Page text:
As he had predicted many of the major automakers have cut production in the days since mid-March, with Volkswagen and Renault shuttering facilities in Europe as a result. In the U.S., most major automakers announced last week they were temporarily closing plants due to health and safety concerns, with Honda explicitly stating on March 18 that they would enact a temporary shutdown “due to an anticipated decline in market demand related to the economic impact of the COVID-19 pandemic,” as well as in response to health concerns.
With the improvement in the situation in China and its slow march back to normalcy, the problem is no longer about the production which is likely to be back to normal by the end of April.
The problem now is the spread of COVID-19 all across the globe. “At the beginning, the problem was the reduction in supply,” says Simchi-Levi, referring to China’s production issues. “But now it is not only a matter of supply from China; it is supply from everywhere. Second, the demand side is completely changing. Now there is a big drop in demand.” With unemployment rising and consumer spending reduced, fewer large manufacturers can keep operating at full capacity or anything close to it.
If you’re struggling to optimize your supply chain, also read our blog on 5 things to know about supply chain optimization.
All in all, it’s time for the businesses in the retail industry to take stock of their inventory, look into their supply chain and logistics to identify opportunities, and what might end up being overheads at a time when making sales is difficult.
The retail business is clearly facing a challenging time on all fronts - from the supply chain, inventory management, order fulfillment, and delivery to customer service.
A new poll of supply chain managers by the Institute of Supply Chain Management found that nearly 75% of companies reported supply chain disruptions in some capacity due to COVID-19 restrictions, and more than 80% believed that their organization will experience some impact because of COVID-19 disruptions and have marked down their revenue.
For many companies, the biggest immediate challenge is stocking inventory and its priority amongst the consumers as sourcing the stock is difficult due to the efforts and time involved. They are also looking at prioritizing orders of existing customers over new customers.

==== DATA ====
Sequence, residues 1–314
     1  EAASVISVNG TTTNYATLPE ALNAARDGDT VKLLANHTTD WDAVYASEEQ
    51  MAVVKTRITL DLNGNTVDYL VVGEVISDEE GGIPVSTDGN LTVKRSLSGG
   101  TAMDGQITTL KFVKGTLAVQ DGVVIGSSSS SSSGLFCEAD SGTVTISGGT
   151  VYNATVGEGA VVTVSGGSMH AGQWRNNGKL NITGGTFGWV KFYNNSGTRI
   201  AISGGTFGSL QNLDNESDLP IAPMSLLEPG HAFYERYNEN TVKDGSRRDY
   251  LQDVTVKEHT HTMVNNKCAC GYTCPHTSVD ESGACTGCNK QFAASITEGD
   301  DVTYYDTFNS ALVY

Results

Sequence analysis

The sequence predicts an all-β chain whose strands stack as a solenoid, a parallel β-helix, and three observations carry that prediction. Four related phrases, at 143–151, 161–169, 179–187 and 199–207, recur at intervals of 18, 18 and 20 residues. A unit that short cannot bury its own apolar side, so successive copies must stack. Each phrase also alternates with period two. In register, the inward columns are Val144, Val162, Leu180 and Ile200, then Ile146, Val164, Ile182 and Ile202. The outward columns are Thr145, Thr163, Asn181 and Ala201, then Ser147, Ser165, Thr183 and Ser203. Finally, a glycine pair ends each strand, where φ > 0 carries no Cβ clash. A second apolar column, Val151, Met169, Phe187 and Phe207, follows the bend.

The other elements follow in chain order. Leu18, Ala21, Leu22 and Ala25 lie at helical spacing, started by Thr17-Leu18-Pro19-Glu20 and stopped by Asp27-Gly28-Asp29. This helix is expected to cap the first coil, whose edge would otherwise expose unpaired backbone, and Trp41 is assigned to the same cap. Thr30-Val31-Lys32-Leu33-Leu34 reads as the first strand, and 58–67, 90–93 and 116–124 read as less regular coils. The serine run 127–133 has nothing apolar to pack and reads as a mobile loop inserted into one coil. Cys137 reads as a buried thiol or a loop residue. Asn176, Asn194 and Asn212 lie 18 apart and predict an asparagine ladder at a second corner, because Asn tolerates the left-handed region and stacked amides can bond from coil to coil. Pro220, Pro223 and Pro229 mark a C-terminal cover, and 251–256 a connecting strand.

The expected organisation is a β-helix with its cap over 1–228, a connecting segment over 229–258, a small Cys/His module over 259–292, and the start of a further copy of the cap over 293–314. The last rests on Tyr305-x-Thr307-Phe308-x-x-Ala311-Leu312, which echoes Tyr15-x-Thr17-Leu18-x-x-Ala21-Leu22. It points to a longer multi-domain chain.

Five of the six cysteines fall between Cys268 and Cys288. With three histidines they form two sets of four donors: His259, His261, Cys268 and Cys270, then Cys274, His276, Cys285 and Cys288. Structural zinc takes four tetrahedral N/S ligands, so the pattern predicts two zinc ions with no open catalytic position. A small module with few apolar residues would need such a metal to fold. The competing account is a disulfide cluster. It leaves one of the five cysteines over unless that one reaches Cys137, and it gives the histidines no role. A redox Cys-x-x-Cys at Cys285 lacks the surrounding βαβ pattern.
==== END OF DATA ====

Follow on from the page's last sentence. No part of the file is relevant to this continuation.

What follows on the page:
Most companies are forecasting demand and working with multiple suppliers to get the products back in stock so as to address the current and the immediate future demand but many are facing the problem of volatile demand.
While some companies selling to most affected sectors such as aviation and hospitality are seeing a dip in demand, the companies selling to vendors of medical equipment, food, and pharmaceuticals are grappling with a big spike in demand. Either way, optimizing your inventory will help you make better and more informed decisions.
The goal should be to focus on demand forecasting, efficient stocking policies, and replenishment. It will ensure the availability of products and support your operational efficiency by optimizing your working capital and saving on warehousing costs by minimizing excess stocks.
But in the retail industry, the average accuracy of inventory is only 63%.
That’s where implementing a solution like BluePi comes into play. BluePi works with retailers in providing retail optimization solutions that are tailor-made keeping their specific supply chain nuances as per their industry.
Whether you are a multi-format retail chain, apparels, or a grocery store, artificial intelligence and machine learning-driven algorithms can improve your bottom-line and top-line with accurate forecasts on demand for better supply chain optimization.
Want to know more about how artificial intelligence can optimize your inventory, supply chain and help you tide over the coronavirus slowdown?